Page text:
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A Short Introduction to Lighting

Do you want your footage to look more cinematic? Then you must properly light your shots. In this article, I will cover the basics of lighting in the film.

Guy Pearce in Christopher Nolan's "Memento"
Guy Pearce in Christopher Nolan’s “Memento”

Filmmaking is the process of capturing light on film or (nowadays) a sensor, thus the importance of light in the film cannot be understated. Many videographers and aspiring filmmakers will try to achieve a cinematic look with an expensive camera or high-quality lenses. While the cam and lens used certainly have an impact on the look of your shots, lighting is just as important. If you rely on whichever light is available, your scenes will probably look rather dull and flat.

Apart from making your film look great, lighting is an essential storytelling tool. First and foremost, it is used for orientation: A scene is lit so the audience knows where it is taking place. Lighting is also used to let the audience know, what time of the day or year it is. Furthermore, it can communicate a mood or an emotion a character might be feeling: For instance, characters that have something to hide or ambivalent feelings, can be lit from one side only, so half their face stays in the dark. Lighting offers endless possibilities to work with, but before you venture out into the wildlands of crazy lighting setups, here are the basics you need to know:

Stanley Kubrick’s “Barry Lyndon”

Artificial light / Natural light

Artificial light describes all kinds of light that are man-made. That includes everything from the small lamp on your nightstand to a huge studio light. Natural light includes light produced by the sun and its reflections (be that off water or the moon). Artificial light is often used to recreate, redirect, or control natural light. With artificial light, there is more control and you are not restricted to a certain time period: If you have the necessary power, you could shoot a scene that is set at noon during nighttime.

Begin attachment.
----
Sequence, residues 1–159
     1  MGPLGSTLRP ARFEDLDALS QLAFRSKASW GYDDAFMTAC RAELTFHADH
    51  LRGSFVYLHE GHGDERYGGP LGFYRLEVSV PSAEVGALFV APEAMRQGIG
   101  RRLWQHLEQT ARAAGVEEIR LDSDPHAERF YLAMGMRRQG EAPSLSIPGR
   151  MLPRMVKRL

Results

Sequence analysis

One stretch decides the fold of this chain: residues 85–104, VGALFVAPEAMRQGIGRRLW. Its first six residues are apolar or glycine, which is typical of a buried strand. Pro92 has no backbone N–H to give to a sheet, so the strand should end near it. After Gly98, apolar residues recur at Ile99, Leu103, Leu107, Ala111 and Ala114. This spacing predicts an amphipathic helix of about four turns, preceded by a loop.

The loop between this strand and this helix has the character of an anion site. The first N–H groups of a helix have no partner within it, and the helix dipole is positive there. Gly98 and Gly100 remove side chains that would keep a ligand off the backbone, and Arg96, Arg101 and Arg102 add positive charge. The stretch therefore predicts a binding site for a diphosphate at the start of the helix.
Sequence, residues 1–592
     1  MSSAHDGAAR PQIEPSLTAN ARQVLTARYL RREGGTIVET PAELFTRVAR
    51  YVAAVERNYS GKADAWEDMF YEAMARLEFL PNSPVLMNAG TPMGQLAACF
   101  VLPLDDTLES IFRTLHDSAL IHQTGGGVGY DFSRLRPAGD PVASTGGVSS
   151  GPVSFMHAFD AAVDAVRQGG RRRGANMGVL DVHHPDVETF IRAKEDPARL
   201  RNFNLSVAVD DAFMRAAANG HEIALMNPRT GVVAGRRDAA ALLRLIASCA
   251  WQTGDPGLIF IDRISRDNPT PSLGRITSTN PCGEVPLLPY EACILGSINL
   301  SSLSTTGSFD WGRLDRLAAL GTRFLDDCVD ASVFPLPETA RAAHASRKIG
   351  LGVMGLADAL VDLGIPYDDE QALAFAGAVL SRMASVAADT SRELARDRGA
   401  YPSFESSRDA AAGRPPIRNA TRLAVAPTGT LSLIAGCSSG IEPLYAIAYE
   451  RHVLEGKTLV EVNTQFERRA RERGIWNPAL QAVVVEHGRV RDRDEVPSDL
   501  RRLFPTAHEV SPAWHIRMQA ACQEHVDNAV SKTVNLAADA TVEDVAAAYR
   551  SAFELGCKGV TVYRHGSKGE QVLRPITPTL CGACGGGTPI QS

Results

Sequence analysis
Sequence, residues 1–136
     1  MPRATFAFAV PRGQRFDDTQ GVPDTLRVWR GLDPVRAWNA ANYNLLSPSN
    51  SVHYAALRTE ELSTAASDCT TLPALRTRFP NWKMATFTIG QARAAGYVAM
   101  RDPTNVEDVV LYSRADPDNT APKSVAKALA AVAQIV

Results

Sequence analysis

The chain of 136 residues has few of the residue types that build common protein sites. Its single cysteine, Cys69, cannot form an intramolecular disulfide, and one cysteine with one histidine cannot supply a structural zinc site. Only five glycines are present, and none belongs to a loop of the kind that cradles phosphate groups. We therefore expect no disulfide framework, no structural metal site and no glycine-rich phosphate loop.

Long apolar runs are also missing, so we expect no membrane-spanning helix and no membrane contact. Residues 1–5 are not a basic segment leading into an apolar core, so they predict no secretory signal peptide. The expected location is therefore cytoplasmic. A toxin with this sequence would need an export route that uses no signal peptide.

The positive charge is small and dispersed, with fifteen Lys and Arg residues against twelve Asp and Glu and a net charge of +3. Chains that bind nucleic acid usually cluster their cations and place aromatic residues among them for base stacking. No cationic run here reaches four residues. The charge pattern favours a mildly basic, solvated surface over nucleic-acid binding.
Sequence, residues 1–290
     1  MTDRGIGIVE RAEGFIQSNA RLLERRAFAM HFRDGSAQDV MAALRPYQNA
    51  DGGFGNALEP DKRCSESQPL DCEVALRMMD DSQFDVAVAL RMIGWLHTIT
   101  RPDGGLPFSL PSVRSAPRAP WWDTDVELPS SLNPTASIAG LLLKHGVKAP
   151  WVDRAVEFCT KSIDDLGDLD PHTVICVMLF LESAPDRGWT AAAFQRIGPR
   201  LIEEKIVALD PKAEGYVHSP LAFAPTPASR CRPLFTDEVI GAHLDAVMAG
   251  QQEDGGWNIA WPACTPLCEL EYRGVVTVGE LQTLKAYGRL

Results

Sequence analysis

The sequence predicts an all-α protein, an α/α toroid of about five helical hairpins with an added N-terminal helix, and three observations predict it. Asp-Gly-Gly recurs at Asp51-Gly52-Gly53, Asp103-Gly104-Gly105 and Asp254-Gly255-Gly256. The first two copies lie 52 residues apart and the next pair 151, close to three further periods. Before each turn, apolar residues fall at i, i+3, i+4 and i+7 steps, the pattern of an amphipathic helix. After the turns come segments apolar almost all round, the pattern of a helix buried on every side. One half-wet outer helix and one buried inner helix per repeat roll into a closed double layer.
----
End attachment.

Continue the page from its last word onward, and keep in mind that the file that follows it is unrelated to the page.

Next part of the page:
Available light

Available light is not to be confused with natural light. It can be both artificial and natural. It refers to the light that is already on location, like street lights, headlights of cars passing by, or the daylight of whatever time you choose to shoot. Be sure to plan out your shooting accordingly, if you are planning on incorporating available light in your scene.

An example of Hard light: Stanley Kubrick’s “The Killing”

Hard light / Soft light

Hard light describes a bright source of light, aimed directly at the subject, and creating hard and clear shadows. It is an important component of the film-noir genre. Since hard light is so stylistic, it is often diffused or bounced off a reflector or white wall/ceiling, thus making it soft light with smoother shadows.

Three-Point Lighting

This is the most basic lighting setup in film. As its name suggests, the three-point lighting consists of three different kinds of light:

The Key Light is used to illuminate the subject and scene from the front.

The Fill Light is mainly used to soften or eliminate shadows created by the Key Light.

The Backlight outlines the subject from the back. It is positioned to be aimed at the camera, with the subject in between.

Low Key in the front and High Key in the back in Ridley Scott’s “Alien”

High Key / Low Key

High Key lighting describes a setup, with a strong proportion of Fill light to Key light. High Key lighting makes a scene look very bright and dispose of shadows. Low Key lighting on the other hand creates a lot of shadows and sets an eerie tone for the scene because there is little to no Filler light. This technique is used particularly often in horror films or thrillers

Like I mentioned in the beginning: Lighting offers endless possibilities and is unexpendable to every film- / video production. The basics above are just general guidelines that you can use and mix up to underline your story.

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